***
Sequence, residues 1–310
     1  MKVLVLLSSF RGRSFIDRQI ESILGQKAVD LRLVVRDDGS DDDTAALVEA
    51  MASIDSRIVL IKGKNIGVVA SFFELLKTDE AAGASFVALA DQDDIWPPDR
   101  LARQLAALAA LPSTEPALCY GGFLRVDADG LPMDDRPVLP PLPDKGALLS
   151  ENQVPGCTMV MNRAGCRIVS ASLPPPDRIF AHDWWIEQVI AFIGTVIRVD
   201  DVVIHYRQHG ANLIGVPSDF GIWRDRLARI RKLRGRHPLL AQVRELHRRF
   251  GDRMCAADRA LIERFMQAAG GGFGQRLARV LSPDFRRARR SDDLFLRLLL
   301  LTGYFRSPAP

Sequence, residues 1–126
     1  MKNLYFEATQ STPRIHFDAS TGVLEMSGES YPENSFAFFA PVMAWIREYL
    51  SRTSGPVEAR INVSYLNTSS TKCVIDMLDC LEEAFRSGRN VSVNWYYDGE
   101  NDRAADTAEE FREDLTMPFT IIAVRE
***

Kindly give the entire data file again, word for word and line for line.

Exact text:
Sequence, residues 1–310
     1  MKVLVLLSSF RGRSFIDRQI ESILGQKAVD LRLVVRDDGS DDDTAALVEA
    51  MASIDSRIVL IKGKNIGVVA SFFELLKTDE AAGASFVALA DQDDIWPPDR
   101  LARQLAALAA LPSTEPALCY GGFLRVDADG LPMDDRPVLP PLPDKGALLS
   151  ENQVPGCTMV MNRAGCRIVS ASLPPPDRIF AHDWWIEQVI AFIGTVIRVD
   201  DVVIHYRQHG ANLIGVPSDF GIWRDRLARI RKLRGRHPLL AQVRELHRRF
   251  GDRMCAADRA LIERFMQAAG GGFGQRLARV LSPDFRRARR SDDLFLRLLL
   301  LTGYFRSPAP

Sequence, residues 1–126
     1  MKNLYFEATQ STPRIHFDAS TGVLEMSGES YPENSFAFFA PVMAWIREYL
    51  SRTSGPVEAR INVSYLNTSS TKCVIDMLDC LEEAFRSGRN VSVNWYYDGE
   101  NDRAADTAEE FREDLTMPFT IIAVRE